This article reexamines my argument published in 2007 regarding the apolitical character of Arab soccer fans in Israel. Until recently, explicit political protest and expressions of Palestinian national identity have remained outside the stadium. For most Arab fans, soccer was an opportunity to display common ground with Jewish citizens. Displaying Palestinian nationalism was considered to be endangering the potential for rapprochement. However, over the past decade the barriers that blocked political protest from entering the stadium have been ruptured. Several interrelated factors are suggested as explanations for this shift: multiple cycles of escalated violence in the region, a wave of anti-Arab legislation, the globalization of fan culture, the model of a politicized soccer fan provided during the Arab Spring, and the emergence of social media.
The field of general theories of nationalism has been a subject of frequent reference for scholars of Israel. The uses to which the vari- ous theories have been put are manifold. While it is not possible to draw an exact correlation, it may be maintained that a general pattern may be observed, where perennialist and ethno-symbolic theories have proved of particular attraction to scholars seeking to locate Israel as a 'normal' state, sharing aspects of its development and identity with other Western democracies. Modernist and instrumentalist theories, by contrast, have often been associated with more critical views that point to perceived oppressive or undemocratic aspects of the Israeli polity or Israeli history. What is noteworthy in all these examples is the important role the discussion on nationalism plays in the process of 'opening up' the study of Israel for comparative purposes, and in deepening analysis of historical, social, and political processes.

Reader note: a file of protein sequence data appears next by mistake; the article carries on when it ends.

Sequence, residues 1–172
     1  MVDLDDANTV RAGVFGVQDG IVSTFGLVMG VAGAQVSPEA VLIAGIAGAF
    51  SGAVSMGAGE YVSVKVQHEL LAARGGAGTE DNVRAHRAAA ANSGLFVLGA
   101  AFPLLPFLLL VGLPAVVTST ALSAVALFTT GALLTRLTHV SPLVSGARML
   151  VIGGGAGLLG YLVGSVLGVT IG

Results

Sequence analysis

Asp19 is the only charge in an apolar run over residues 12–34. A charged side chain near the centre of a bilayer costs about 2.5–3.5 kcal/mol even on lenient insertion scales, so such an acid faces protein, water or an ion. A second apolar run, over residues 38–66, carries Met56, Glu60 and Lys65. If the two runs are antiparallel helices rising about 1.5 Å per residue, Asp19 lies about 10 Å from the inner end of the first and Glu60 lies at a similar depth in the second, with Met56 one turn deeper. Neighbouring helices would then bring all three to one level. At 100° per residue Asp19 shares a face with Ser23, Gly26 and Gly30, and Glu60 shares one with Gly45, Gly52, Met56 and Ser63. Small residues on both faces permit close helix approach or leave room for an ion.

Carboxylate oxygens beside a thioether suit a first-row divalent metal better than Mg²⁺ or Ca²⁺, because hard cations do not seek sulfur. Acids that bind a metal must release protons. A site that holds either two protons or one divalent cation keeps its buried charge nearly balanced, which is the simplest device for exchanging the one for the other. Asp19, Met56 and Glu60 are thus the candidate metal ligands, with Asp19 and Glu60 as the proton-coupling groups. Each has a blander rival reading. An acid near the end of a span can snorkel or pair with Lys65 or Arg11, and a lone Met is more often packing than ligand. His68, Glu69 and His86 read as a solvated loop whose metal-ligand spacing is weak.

Embodied Claims between the Nation and Europe
In 2016 a legislative proposal introducing an abortion ban resulted in female mass mobilisations. The protests went along with frequent claims of Polish as well as European belonging. Next to this, creative appropriations of patriotic symbols related to national movements, fights and uprisings for independence and their transformation into a sign of female bodily sovereignty could be observed all over the country. The appearance of bodies needs to be looked at in relation to the concrete political context and conditions in which bodies materialise (). Bodies are in this sense always relational, but they also depend. The article argues that the constitution of ‘European bodies’ can serve to empower people exposed to and oppressed by nationalist biopolitics. In such cases a ‘European body’ might be constituted in distinction to the nation/nationalism and its claim of ownership on female bodies (the ‘national body’) and by performing multiple belongings extending national belonging.
oversimplification. This topic is reluctantly discussed by the participants of the movement themselves and is often neglected by war and nationalism scholars. The situation is exacerbated by the controversial nature of the nationalist movement: the OUN employed
Contemporary Trends in Religious-Zionism
conceptualization of Religious-Zionism as an ideology that brings together the supposedly distinct domains of modern nationalism and the Jewish religion are now outdated and misleading. Moreover, this approach's focus on the hyphen limits researchers’ ability to
Moral Reckoning in Post-GFC Iceland
Mary Hawkins and Helena Onnudottir
specific essence, they are a specific ‘breed’, ‘descended from the noblest of Norwegian social classes, sharpened by hardship’ ( Loftsdottir 2010: 2 ). Icelandic nationalism narrates history teleologically, as a story of progress towards a single goal, from